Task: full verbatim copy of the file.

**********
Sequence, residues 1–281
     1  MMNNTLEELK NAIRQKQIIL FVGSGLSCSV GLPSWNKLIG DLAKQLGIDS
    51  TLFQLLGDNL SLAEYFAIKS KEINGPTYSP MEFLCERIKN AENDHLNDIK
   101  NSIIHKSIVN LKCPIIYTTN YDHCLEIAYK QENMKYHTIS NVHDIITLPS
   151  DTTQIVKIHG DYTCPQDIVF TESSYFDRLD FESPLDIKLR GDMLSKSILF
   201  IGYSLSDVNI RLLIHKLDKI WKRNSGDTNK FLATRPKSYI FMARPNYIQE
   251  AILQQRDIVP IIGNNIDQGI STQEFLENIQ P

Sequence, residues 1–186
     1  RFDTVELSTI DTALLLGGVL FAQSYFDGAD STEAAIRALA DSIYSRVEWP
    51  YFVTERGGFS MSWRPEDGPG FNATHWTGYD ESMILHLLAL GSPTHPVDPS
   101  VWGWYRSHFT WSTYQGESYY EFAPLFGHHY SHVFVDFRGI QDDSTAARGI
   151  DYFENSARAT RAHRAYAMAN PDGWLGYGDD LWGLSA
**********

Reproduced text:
Sequence, residues 1–281
     1  MMNNTLEELK NAIRQKQIIL FVGSGLSCSV GLPSWNKLIG DLAKQLGIDS
    51  TLFQLLGDNL SLAEYFAIKS KEINGPTYSP MEFLCERIKN AENDHLNDIK
   101  NSIIHKSIVN LKCPIIYTTN YDHCLEIAYK QENMKYHTIS NVHDIITLPS
   151  DTTQIVKIHG DYTCPQDIVF TESSYFDRLD FESPLDIKLR GDMLSKSILF
   201  IGYSLSDVNI RLLIHKLDKI WKRNSGDTNK FLATRPKSYI FMARPNYIQE
   251  AILQQRDIVP IIGNNIDQGI STQEFLENIQ P

Sequence, residues 1–186
     1  RFDTVELSTI DTALLLGGVL FAQSYFDGAD STEAAIRALA DSIYSRVEWP
    51  YFVTERGGFS MSWRPEDGPG FNATHWTGYD ESMILHLLAL GSPTHPVDPS
   101  VWGWYRSHFT WSTYQGESYY EFAPLFGHHY SHVFVDFRGI QDDSTAARGI
   151  DYFENSARAT RAHRAYAMAN PDGWLGYGDD LWGLSA